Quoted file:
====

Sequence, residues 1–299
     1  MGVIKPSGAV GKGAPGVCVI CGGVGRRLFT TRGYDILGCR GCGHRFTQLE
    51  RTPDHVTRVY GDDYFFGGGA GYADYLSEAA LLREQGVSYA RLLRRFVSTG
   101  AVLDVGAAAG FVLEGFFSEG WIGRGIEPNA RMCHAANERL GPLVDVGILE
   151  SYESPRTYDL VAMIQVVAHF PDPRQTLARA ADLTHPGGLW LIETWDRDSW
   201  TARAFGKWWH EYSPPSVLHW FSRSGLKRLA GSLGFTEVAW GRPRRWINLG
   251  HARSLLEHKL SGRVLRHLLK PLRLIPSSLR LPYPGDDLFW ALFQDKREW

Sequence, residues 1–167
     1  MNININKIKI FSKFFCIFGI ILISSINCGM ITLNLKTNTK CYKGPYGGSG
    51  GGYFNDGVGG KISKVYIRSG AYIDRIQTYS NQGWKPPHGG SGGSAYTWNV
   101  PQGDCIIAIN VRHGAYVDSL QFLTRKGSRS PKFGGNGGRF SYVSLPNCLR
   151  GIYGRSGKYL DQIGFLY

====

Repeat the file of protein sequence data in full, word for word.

Sequence, residues 1–299
     1  MGVIKPSGAV GKGAPGVCVI CGGVGRRLFT TRGYDILGCR GCGHRFTQLE
    51  RTPDHVTRVY GDDYFFGGGA GYADYLSEAA LLREQGVSYA RLLRRFVSTG
   101  AVLDVGAAAG FVLEGFFSEG WIGRGIEPNA RMCHAANERL GPLVDVGILE
   151  SYESPRTYDL VAMIQVVAHF PDPRQTLARA ADLTHPGGLW LIETWDRDSW
   201  TARAFGKWWH EYSPPSVLHW FSRSGLKRLA GSLGFTEVAW GRPRRWINLG
   251  HARSLLEHKL SGRVLRHLLK PLRLIPSSLR LPYPGDDLFW ALFQDKREW

Sequence, residues 1–167
     1  MNININKIKI FSKFFCIFGI ILISSINCGM ITLNLKTNTK CYKGPYGGSG
    51  GGYFNDGVGG KISKVYIRSG AYIDRIQTYS NQGWKPPHGG SGGSAYTWNV
   101  PQGDCIIAIN VRHGAYVDSL QFLTRKGSRS PKFGGNGGRF SYVSLPNCLR
   151  GIYGRSGKYL DQIGFLY